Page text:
Mrs Chinonso Okechukwu, Focal Person, The Nigerian Feminist Forum (NFF), said that women participation in Nigerian politics and their representation in offices of decision are important.
Okechukwu, however, said that politically, women had been relegated to the background, despite the effort put forward by non-governmental organisations following the Beijing declaration.
She noted that Nigerian women were still being marginalised due to the style of leadership inherent in the country, with enormous underlying structural challenges.
The gender activist said that the under representation of women in political participation gained root due to the patriarchal practice inherent in the society, much of which were obvious from pre-colonial era till date.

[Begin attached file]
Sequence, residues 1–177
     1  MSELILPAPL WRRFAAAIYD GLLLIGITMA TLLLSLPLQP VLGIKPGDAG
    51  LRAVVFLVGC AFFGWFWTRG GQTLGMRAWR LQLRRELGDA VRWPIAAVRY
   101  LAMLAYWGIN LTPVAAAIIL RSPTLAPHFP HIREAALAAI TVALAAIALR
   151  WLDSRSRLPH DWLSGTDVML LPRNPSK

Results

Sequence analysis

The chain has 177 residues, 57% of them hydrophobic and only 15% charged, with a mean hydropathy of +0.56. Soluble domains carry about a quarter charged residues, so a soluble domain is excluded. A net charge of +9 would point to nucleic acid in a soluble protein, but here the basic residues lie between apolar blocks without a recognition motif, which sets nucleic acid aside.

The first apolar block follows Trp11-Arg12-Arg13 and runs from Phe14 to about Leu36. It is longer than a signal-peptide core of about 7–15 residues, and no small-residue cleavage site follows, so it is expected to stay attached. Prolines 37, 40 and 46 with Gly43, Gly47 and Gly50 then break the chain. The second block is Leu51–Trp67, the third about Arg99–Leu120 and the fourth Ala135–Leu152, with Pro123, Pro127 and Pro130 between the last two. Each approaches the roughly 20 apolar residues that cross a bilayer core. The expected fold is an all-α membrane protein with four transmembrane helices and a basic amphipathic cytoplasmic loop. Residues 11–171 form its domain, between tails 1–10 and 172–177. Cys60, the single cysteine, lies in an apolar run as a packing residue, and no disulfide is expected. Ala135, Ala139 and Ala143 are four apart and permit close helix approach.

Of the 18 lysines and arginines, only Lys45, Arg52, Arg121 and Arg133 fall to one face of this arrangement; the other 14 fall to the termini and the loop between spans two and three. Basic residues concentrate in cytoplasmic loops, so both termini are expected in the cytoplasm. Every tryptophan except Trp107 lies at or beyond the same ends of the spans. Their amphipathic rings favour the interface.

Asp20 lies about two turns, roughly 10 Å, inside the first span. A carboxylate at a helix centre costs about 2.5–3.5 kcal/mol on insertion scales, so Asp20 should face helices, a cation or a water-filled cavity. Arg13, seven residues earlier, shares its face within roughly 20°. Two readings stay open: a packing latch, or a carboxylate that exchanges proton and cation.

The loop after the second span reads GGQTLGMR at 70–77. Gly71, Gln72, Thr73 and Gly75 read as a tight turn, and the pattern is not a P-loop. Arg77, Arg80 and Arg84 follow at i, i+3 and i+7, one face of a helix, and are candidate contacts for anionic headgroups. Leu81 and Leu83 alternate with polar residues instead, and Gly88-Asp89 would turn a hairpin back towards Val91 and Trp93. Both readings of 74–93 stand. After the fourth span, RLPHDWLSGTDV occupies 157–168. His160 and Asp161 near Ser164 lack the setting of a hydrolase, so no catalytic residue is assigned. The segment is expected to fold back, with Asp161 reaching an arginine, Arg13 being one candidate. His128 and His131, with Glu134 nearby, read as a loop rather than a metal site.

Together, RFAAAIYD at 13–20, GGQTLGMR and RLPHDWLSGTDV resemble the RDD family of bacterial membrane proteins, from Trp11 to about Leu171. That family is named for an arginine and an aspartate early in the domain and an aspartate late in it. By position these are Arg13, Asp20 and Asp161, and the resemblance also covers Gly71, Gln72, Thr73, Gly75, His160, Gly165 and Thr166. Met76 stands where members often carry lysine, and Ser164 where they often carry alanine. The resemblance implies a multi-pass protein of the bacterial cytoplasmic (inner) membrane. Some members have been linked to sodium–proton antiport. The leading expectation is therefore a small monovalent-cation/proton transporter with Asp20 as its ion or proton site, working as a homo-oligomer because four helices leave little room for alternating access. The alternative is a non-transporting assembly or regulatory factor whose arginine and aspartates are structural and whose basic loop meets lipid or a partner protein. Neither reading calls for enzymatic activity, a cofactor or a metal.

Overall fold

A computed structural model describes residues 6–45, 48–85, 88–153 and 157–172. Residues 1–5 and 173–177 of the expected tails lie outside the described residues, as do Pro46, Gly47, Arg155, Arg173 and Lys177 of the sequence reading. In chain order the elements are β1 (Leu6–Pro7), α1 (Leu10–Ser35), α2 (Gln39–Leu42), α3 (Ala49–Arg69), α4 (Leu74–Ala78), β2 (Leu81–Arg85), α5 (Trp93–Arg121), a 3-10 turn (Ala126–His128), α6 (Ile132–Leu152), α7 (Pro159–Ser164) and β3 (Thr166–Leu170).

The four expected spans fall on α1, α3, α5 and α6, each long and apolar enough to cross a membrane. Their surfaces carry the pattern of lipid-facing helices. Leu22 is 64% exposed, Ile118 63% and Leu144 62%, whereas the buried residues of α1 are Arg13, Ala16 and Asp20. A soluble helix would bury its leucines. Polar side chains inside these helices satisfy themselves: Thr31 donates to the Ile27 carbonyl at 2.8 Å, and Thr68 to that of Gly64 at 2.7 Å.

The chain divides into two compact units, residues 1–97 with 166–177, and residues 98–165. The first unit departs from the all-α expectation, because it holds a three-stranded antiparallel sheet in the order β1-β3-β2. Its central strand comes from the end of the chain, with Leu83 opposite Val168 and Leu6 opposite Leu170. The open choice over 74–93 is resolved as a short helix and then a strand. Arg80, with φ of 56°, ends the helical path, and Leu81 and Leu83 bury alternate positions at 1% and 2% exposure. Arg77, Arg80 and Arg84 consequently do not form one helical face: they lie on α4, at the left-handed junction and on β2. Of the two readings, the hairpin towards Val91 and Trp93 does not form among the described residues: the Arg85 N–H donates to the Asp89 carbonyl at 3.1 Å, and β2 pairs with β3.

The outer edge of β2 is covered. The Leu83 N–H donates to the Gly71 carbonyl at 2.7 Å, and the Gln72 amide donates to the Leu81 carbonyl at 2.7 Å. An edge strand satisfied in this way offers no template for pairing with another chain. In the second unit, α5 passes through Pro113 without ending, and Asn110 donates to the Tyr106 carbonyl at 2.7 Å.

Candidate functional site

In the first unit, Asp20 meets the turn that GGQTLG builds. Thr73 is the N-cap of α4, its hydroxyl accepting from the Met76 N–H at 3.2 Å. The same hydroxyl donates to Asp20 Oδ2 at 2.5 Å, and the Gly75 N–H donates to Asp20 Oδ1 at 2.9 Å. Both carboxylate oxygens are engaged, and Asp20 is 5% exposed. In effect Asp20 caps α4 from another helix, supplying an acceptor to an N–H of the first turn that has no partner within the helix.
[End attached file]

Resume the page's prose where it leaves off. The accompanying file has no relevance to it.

She, however, stated that the re-introduction of democratic governance had witnessed an increase in women’s political participation both in elective and appointive offices in Nigeria, albeit the minimal representation.
Okechukwu advised political parties to create a support network for prospective aspirants by pairing them with established women politicians.
These politicians, she said, would play the role of mentors and provide capacity building for young or aspiring female ones, to develop them ahead of subsequent elections.
“In spite of the challenges women face, women activism and advocacy, education of women, positivity on the part of successive governments towards women empowerment and interest of women to participate in politics are getting a lot of positive energy.
“This is an indication that the participation of women in politics has a bright future,” she said.
Adeyemi, newly-elected President, NBCC, believes women should put their best foot forward, as they can do beyond shattering the proverbial limiting glass ceiling.
“For me, successful leadership in general, irrespective of whether you are male or female, entails empowering one’s self and doing what you’re given to do to the best of your ability, not because you’re a woman but because you are an individual of excellence,” she said.
A Feature by Rukayat Moisemhe